December 6, 2022

The Nerve

Where Government Gets Exposed

Stagnant Columbia Landmark Stuck in Litigation

Columbia Central Fire StationEditor’s Note: Today’s story is the first in a two-part series on development issues in Columbia.

In 1950, the distinctive Columbia Central Fire Station on Senate Street near the S.C. State House opened its doors, and for the next 45 years it served the Capital City both in function and form.

Designed by noted architect Heyward S. Singley, the building, located in the city’s bustling Vista district, is significant as an example of the Moderne/International style and in 2009 was placed on the National Register of Historic Places.

The fire station closed in 1995 and was scheduled for demolition, but in 2006 the city sold the building for $1.4 million to Tom Prioreschi of Capitol Places. Yet despite several announcements of pending development over the years since, the vacant structure today is no closer to a tenant than when it closed, and, what’s worse, is now mired in an ongoing foreclosure battle between the city and Prioreschi’s Capitol Places.

The irony of a legal fight over a historic property stagnant for years while city officials tout their ability to adaptively re-use historic buildings to spur private development is not lost on critics of the city’s  handling of major development projects.

The city actively is planning to commit at least $31.25 million in public money to the redevelopment of the 181-acre, nearly two-centuries-old state mental health campus on Bull Street (including $16 million in the first 12 months alone for two 800-space parking garages in a city whose parking fund already is at a deficit through May) to help a private developer with his plans for a mixed use of new homes, stores and offices at the downtown site.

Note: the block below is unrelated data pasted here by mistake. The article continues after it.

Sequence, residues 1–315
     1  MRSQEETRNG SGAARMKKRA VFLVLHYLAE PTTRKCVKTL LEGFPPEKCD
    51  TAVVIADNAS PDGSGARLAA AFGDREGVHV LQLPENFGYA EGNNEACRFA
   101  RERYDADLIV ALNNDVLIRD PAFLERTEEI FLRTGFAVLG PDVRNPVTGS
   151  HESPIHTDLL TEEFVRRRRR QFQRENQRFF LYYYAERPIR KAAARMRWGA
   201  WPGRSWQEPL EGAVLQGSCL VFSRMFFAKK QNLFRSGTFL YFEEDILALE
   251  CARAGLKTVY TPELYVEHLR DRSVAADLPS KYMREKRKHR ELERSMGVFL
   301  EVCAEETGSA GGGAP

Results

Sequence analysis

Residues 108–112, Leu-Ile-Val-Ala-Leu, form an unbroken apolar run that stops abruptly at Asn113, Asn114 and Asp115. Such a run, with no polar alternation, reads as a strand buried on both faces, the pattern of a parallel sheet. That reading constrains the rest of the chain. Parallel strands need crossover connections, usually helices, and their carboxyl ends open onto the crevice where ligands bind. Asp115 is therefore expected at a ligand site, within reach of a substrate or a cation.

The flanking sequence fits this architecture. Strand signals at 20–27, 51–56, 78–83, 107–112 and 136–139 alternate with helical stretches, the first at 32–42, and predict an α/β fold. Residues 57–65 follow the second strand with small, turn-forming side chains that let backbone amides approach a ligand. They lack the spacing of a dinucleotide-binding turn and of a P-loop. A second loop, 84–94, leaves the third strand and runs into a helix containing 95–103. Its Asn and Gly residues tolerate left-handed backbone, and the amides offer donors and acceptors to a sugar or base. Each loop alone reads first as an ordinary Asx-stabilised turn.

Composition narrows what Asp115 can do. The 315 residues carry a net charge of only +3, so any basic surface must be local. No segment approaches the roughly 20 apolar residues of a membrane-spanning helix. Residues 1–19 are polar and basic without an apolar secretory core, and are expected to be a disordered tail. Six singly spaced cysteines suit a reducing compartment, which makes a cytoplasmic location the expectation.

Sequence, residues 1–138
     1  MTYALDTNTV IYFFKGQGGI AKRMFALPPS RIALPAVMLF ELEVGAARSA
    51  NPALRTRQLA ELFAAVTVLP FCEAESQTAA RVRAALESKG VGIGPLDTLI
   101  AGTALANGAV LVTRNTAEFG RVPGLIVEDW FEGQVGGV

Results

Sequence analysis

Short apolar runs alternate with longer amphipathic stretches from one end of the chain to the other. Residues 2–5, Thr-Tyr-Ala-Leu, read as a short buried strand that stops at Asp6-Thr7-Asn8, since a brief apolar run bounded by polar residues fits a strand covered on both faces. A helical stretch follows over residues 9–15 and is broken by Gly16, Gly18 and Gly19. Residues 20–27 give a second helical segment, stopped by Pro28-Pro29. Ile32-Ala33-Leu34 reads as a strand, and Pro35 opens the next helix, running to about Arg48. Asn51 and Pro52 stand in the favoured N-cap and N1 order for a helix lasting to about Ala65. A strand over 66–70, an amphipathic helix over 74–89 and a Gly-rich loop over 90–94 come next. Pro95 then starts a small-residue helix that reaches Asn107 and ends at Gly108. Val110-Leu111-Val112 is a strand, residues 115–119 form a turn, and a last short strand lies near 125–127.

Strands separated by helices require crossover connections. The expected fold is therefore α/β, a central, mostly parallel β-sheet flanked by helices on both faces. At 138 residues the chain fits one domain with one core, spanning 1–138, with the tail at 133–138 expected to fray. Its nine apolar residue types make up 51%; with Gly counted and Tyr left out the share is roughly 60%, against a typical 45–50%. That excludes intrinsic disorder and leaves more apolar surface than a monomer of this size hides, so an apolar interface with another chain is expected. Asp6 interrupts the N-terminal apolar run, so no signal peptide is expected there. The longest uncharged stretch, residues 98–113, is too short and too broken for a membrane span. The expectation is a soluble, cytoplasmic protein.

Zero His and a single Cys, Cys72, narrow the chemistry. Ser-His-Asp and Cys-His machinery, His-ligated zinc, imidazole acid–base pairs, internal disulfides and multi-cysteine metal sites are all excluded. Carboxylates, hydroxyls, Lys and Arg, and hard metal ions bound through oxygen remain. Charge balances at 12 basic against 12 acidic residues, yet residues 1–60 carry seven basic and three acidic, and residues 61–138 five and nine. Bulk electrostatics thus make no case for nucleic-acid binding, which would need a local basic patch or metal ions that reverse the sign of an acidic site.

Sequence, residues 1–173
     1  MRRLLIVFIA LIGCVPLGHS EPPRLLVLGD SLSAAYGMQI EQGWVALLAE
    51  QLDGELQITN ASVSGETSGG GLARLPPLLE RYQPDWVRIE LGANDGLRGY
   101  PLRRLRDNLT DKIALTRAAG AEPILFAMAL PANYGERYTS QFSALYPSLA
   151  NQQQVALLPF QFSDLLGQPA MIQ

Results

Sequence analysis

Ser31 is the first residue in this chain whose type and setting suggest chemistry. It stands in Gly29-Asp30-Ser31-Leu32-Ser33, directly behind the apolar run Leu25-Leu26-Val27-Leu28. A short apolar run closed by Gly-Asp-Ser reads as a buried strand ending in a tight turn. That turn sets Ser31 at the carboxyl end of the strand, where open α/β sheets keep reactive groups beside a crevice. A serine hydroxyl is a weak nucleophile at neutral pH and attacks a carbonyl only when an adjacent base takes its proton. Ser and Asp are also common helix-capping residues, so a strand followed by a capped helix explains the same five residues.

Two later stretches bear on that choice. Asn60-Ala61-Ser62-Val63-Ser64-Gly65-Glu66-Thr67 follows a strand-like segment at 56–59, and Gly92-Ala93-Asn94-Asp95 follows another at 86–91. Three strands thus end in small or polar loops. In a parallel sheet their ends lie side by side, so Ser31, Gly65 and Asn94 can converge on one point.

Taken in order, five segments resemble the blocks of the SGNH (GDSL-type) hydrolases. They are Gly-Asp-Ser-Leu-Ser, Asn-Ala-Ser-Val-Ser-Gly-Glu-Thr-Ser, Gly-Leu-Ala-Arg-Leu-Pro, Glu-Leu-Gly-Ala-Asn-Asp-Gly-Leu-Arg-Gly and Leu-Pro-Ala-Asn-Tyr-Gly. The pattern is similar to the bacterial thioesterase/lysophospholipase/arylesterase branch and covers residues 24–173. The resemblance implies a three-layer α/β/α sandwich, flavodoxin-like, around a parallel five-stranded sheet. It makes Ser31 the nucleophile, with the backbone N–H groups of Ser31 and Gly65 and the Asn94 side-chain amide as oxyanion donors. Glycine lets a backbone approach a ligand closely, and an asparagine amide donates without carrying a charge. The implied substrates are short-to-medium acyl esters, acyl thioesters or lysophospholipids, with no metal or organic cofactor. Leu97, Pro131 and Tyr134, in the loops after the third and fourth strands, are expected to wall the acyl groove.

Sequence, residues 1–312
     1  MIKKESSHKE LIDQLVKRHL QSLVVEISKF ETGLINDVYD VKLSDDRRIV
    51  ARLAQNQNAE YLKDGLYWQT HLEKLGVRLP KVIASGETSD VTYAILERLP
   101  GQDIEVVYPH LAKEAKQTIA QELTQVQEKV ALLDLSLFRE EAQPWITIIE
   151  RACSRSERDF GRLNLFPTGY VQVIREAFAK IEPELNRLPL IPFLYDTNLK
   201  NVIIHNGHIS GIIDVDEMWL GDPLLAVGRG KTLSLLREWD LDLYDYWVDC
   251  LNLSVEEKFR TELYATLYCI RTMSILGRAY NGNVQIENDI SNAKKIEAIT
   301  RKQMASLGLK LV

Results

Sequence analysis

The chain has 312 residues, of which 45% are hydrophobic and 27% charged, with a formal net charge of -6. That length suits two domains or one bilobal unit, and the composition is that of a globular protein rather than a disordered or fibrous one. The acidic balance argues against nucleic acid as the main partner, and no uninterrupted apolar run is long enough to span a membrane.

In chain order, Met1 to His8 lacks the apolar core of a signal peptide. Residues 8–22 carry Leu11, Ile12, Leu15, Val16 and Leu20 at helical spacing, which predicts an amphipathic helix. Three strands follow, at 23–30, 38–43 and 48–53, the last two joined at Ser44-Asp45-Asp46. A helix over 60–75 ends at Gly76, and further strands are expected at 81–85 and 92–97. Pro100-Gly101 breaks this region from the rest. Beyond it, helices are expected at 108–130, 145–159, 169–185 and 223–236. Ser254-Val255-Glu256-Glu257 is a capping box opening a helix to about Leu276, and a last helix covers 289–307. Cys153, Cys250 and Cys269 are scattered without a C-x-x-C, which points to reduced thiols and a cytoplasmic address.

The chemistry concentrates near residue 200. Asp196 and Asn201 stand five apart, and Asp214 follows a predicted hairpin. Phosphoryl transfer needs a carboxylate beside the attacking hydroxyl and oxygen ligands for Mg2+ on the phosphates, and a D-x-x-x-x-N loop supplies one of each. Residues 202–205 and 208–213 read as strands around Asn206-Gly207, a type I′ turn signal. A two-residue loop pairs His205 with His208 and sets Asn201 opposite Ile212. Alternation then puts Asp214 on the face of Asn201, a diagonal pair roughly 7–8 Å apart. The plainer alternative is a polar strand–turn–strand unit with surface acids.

The city earlier this year voted to buy the 320,000-square-foot, Palmetto Compress warehouse in the Vista area, which is listed on the National Register of Historical Places, and 4.7 acres that the building sits on, for $5.65 million after a developer lost a battle with preservationists.

The vacant city fire station, located in the heart of a vibrant Vista district, shows how spotty the city’s track record has been with such structures, even when all the factors one would believe are necessary for successful development are in place around it and private-sector efforts are thriving.

On the positive side, the Vista itself has been described as the city’s crowning achievement of the past 30 years, fueled in large part by a tax-increment finance (TIF) bond and hospitality-tax revenue that allowed private development to flourish. That development and the need for a downtown grocery store also spurred one of the city’s signature victories for historic re-use – the Publix grocery store that now occupies the former Confederate printing plant at the corner of Gervais and Huger streets.